Sunday's TV Scoops on Bush's Libby Pardon, Including The Dem, GOP, Replies and Allegations
The inside dope on who, what, when and where, money was raised for Libby's defense and how Dems and GOP's responded to comments allegations and threats back and forth.
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House Judiciary Committee Chairman John Conyers, the Democrat probing President Bush's decision to erase the prison sentence of a former White House aide, said Sunday, there is "the suspicion" the aide might have identified others in the Bush administration if he went to jail. Therefore, Conyers has scheduled a committee hearing Wednesday on Bush's pardon of Libby.
House Judiciary Committee Chairman John Conyers said Sunday there is "the suspicion" the aide might have identified others in the Bush administration if he went to jail. Therefore, Conyers has scheduled a committee hearing Wednesday on Bush's pardon of Libby.
Interesting that lower level Bushites didn't complain when a fragile, claustrophobic, 26 year beauty went to jail for a comparably microscopic misdemeanor, but quickly, Top-GOPpers, want a convicted, federal criminal free before his sentence even begins The Republican ruthless Law and Order stance apparently only applies to those who are not members of their elite or those who can send them to prison, or to impeachment.
Appearing on ABC's This Week, Conyers stated that there exists a "suspicion that if Mr. Libby went to prison, he might further implicate other people in the White House." Conyers said, "There was some kind of relationship here that does not exist in any of President Clinton's pardons... [and] it's never existed before."
Conyers said he is going to ask Bush to waive executive privilege and "do what President Clinton did - namely to bring forward any of his pardon lawyers or anyone that can put a clear light on this and put this kind of feeling that is fairly general to rest."
Bush said Libby's sentence was too harsh, yet 78% of similar cases got sentences in the same or higher range, according to Chicago radio commentators, Sunday. Libby was convicted of lying and obstructing justice, the same charge that got President Clinton Impeached. In the Libby case however, the investigation into a leak revealing the identity of CIA officer, Valery Plame, lives were endangered and the president's hubristic move placed doubt in the minds of all CIA agents about just where and with whom the president's loyalty lies. Morale is at a low point in that agency because of the lack of security, from a president whose fear and panic tactics have resulted in record spending for "security," most which were merely rewards for his donors,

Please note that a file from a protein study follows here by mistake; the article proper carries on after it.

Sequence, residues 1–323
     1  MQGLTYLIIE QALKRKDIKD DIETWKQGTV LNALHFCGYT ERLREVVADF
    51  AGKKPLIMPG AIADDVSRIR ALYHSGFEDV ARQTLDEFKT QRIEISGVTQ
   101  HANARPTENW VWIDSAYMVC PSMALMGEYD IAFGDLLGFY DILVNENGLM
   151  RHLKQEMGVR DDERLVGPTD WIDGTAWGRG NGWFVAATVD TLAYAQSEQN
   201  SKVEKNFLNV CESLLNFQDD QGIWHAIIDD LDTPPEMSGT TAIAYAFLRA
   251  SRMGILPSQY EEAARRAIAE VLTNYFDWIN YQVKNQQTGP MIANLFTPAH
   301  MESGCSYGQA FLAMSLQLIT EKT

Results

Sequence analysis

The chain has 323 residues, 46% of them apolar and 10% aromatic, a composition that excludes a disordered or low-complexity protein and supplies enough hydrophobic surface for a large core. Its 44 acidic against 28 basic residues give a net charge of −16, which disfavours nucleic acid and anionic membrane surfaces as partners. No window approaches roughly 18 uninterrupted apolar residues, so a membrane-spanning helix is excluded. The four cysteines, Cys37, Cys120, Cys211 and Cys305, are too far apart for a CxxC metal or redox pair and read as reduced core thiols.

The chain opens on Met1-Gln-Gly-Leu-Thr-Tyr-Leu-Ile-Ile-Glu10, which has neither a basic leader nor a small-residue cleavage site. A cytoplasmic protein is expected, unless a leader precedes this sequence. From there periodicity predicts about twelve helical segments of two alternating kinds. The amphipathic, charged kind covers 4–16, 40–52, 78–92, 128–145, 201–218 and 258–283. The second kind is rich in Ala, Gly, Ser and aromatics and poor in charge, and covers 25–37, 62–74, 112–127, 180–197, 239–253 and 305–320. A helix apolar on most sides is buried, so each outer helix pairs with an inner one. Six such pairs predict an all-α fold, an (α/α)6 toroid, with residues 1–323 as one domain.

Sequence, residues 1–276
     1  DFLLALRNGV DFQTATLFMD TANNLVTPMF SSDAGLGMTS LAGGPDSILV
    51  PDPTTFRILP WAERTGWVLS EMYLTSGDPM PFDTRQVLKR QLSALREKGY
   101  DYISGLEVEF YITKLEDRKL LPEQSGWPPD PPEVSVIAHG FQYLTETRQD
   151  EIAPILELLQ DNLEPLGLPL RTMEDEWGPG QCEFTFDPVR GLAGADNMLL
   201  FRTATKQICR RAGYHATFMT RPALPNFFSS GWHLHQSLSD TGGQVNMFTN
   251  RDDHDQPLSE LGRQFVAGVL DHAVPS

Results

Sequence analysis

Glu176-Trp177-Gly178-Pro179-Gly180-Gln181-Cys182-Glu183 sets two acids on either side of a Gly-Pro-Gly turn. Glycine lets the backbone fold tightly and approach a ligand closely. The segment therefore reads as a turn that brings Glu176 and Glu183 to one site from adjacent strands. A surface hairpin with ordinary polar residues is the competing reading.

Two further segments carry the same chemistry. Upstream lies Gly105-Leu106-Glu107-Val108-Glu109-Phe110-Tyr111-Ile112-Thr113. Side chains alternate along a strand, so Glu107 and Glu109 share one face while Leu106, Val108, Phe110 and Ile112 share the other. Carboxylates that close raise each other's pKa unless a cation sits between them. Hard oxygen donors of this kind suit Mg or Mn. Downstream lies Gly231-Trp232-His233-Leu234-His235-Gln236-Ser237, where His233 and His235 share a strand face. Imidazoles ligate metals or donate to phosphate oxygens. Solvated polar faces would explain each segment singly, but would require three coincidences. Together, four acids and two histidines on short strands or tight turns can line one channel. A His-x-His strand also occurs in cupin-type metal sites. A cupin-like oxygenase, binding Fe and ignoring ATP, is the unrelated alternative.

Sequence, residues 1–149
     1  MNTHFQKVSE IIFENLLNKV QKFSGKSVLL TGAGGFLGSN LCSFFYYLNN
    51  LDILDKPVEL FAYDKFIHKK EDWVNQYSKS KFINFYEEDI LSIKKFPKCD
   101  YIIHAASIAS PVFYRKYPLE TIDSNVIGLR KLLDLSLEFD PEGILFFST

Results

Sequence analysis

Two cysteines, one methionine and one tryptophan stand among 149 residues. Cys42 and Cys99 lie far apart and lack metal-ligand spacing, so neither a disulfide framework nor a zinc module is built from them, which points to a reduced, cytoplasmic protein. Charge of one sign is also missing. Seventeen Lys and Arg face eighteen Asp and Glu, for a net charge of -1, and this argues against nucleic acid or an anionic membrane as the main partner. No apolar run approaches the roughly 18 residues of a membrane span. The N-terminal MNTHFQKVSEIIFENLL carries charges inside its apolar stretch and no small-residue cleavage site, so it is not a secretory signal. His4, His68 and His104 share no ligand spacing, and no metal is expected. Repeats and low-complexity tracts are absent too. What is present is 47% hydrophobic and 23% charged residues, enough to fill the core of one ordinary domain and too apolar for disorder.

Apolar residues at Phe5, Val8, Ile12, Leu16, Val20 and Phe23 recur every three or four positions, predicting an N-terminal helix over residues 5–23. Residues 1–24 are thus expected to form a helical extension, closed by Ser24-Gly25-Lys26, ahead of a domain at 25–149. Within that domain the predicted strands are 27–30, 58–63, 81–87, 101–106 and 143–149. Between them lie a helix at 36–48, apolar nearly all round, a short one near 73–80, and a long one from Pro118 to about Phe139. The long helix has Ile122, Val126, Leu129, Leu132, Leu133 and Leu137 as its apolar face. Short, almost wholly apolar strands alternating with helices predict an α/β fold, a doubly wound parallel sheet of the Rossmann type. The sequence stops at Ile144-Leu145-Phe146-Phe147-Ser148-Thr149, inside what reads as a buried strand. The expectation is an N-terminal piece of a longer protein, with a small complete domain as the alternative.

Conyers said Sunday in an interview on ABC's This Week, "What we have here - and I think we should put it on the table right at the beginning - is that the suspicion was that if Mr. Libby went to prison, he might further implicate other people in the White House, and that there was some kind of relationship here that does not exist in any of President Clinton's pardons, nor, according to those that we've talked to ... is that it's never existed before, ever George Stephanopoulos then asked, Let me stop you there, because you seem to be suggesting that President Bush commuted Mr. Libby's sentence in order to keep him quiet."
Conyers answered, "Well, that's - I said that's what the general impression is. And what we're trying to do - and this is why we've written the president, inviting him to do what President Clinton did, and namely to bring forward any of his pardon lawyers or anyone that can put a clear light on this and put this kind of feeling that is fairly general to rest. That's the whole purpose."
White House spokesman, Tony Fratto, replied: "That's a fairly ridiculous and baseless assertion. It may be impossible to plumb the depths of Chairman Conyers' 'suspicions', but we can hope this one is near the bottom."
Silly, apples to oranges, comparison replies were made by sycophantic stooges of the administration, toadies with their usual appeal to the least informed, mostly Fox advocates, refusing to allow facts to interfere with their babblings.
When Conyers was asked about subpoenas, which were issued to the White House relating to the U.S. Attorney's purge, he answered, "The White House has decided to defy Congress's latest demand for information regarding the dismissal of nine U.S. attorneys, sources familiar with the decision said yesterday."
Conyers said the White House has not communicated with him on its intent to defy Congress. "Well, I'm glad The Post finds out about what the president plans to do before anybody just gives us a call. We're going to pursue our legal remedies to press forward with the subpoenas."
George Stephanopoulos, host of ABC's This Week, asked if, "that means holding the White House in contempt of Congress?" "Well, yes," Conyers said. "It means moving forward in the process that would require him to comply with the subpoenas like most other people."
Senator, Democrat Patrick Leahy: Vermont, said, on CNN's, "Late Edition," that since he thought Libby would just embrace the fifth amendment, it would be useless asking him (Libby) to testify before Congress. "His silence has been bought and paid for and he would just take the Fifth."
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